SANTA MONICA, Calif. – A new study done by TrueCar Inc. has determined that consumers prefer knowing the true price paid by others purchasing the same type of car in the last 30 days. Conducted in October 2010, the study also revealed that people are mostly unaware of what dealers actually make on the sale of a new or used vehicle.

“The goal of this study was to find out more about consumers’ mindset when it comes to buying a car,” said Scott Painter, founder and CEO of TrueCar. “What we’ve learned is consumers really want to feel they can trust the dealer to be fair. And the only way to achieve that is through transparency and upfront pricing.”

TrueCar’s Online Automotive Buying Behavior Report, which was conducted by Synovate and polled 1,000 adult consumers on a number of topics related to new- and used-car buying behavior and perceptions, determined transparency in the buying process is the consumer’s top priority. It also showed that the largest disparity between reality and consumer belief was how much profit consumers believe a dealer makes and deserves on the sale of a new car.

When asked, “How much do you think a dealer makes as profit on the sale of a $40,000 vehicle?” 55 percent of respondents answered $4,000 or greater (a profit of 10 percent or more). In response to how much they think is fair, 53 percent said between $1,000 and $3,000, with the average being $1,800 (4.5 percent profit). In reality, a dealer makes between one and three percent profit on each new car sold.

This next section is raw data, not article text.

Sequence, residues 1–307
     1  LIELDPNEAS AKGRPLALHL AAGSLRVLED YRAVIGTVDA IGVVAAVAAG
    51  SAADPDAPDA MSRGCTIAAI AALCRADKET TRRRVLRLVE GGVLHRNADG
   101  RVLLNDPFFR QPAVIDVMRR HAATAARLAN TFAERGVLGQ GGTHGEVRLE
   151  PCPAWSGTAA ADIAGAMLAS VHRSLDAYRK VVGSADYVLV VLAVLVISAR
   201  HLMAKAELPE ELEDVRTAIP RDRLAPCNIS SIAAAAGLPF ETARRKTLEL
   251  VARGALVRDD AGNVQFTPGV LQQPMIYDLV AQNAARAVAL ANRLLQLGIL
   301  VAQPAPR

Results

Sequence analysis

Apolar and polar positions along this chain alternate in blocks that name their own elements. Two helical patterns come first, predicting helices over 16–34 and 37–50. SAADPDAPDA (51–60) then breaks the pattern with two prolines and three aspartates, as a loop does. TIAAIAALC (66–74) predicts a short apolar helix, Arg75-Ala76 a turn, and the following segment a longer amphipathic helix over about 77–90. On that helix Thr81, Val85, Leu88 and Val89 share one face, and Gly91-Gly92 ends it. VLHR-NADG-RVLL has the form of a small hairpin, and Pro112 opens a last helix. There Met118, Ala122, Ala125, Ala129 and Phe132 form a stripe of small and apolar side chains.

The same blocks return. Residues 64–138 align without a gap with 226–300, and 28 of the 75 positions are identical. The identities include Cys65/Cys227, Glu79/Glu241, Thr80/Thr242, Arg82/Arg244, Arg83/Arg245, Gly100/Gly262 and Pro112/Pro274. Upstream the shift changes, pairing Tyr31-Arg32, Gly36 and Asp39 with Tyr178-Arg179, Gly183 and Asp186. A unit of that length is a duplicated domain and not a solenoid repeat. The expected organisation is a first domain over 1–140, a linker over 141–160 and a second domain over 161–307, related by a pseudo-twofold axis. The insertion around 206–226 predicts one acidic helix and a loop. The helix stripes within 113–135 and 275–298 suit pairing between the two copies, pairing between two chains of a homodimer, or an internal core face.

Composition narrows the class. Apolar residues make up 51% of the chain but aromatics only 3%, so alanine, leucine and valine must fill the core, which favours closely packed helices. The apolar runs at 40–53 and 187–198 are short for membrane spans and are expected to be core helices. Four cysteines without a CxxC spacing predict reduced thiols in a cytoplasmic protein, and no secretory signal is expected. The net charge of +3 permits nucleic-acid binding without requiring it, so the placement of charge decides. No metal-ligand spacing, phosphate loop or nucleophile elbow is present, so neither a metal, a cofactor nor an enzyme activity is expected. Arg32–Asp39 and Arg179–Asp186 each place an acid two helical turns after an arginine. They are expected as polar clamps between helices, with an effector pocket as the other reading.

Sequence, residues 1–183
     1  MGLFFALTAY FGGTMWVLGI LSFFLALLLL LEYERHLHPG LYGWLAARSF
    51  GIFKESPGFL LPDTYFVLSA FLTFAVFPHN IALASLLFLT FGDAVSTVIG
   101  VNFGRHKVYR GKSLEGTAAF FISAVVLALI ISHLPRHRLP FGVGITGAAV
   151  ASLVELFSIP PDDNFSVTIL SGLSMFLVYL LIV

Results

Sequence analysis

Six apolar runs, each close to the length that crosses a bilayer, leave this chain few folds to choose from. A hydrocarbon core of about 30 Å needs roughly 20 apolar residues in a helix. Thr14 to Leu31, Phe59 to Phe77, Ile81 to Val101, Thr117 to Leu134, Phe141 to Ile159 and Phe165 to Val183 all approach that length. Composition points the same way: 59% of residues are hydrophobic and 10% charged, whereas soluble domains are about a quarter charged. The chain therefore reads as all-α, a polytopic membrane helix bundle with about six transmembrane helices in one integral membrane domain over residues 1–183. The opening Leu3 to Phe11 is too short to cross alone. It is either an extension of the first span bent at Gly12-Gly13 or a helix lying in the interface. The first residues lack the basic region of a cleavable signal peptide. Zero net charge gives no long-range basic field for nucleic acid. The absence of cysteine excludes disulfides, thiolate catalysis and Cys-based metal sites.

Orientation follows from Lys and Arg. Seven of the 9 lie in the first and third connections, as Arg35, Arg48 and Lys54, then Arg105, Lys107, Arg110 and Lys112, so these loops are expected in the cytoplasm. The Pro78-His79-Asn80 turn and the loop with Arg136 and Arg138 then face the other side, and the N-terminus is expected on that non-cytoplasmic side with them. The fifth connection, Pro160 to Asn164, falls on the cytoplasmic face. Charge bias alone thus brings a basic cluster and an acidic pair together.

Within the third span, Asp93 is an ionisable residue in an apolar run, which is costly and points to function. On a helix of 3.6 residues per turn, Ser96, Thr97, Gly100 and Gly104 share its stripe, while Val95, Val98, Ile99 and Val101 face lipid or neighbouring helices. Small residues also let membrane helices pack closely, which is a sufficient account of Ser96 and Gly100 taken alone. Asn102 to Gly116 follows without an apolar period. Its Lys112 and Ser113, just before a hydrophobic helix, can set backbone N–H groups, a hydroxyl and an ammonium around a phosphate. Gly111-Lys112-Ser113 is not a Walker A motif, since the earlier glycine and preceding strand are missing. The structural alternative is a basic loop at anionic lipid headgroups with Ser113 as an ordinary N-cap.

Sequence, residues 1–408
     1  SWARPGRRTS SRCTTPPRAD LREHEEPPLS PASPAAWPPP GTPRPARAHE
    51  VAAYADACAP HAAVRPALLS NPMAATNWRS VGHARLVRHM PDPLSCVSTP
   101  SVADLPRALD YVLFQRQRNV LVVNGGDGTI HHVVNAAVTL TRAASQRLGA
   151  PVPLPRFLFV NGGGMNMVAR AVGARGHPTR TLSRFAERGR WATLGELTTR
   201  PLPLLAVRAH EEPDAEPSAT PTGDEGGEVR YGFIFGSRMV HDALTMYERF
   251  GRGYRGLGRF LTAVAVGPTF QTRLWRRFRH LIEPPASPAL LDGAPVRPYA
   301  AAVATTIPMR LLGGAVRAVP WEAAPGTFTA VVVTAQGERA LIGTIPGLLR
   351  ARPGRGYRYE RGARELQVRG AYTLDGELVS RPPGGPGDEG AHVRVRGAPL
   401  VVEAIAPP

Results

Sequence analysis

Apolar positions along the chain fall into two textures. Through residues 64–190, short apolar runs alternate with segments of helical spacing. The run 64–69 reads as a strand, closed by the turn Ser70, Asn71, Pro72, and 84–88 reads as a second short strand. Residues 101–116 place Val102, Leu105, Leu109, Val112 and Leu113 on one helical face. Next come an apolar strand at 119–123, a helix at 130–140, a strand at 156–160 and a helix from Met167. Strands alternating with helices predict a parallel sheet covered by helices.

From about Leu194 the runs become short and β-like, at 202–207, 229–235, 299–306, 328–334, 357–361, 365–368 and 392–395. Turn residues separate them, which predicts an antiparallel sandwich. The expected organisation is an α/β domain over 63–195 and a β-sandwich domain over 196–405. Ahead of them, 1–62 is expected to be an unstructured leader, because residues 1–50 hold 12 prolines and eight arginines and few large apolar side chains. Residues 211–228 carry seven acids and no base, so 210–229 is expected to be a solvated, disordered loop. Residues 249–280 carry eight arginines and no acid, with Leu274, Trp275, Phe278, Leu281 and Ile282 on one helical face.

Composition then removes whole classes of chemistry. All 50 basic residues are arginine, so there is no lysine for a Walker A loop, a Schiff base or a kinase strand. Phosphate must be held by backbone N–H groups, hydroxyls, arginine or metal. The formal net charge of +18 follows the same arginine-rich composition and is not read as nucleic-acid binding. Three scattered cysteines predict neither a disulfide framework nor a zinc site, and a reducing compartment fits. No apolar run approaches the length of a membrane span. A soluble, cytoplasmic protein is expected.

Some key survey points learned by TrueCar are:

∎ 85 percent of new-car shoppers believe that knowing what someone else paid for the same car within the last 30 days would be helpful in their buying process.

∎ When choosing a dealership to purchase a new car, the two most important factors are price (78 percent) and trust (70 percent). At the bottom of that list is the dealer’s professional staff (9 percent).

∎ 52 percent of shoppers would drive 30 minutes to an hour to achieve a guaranteed savings of $2,300.

∎ More than 90 percent of in-market new-car buyers believe it would be valuable to require a dealer to provide a no-haggle upfront selling price.

∎ 82 percent of car shoppers believe that they will not receive a fair price for their trade-in OR the dealer will make up for the loss through other services (financing, extended warranties, etc.).

∎ 80 percent of respondents would likely use a car buying service from a trusted organization to save time and money.

According to Painter, “We believe this study, which we plan to conduct annually, illuminates the way in which the market is headed and how cars must be sold in the future. We hope others in the automotive industry will see this data and understand what consumers’ desire and adjust business practices accordingly.”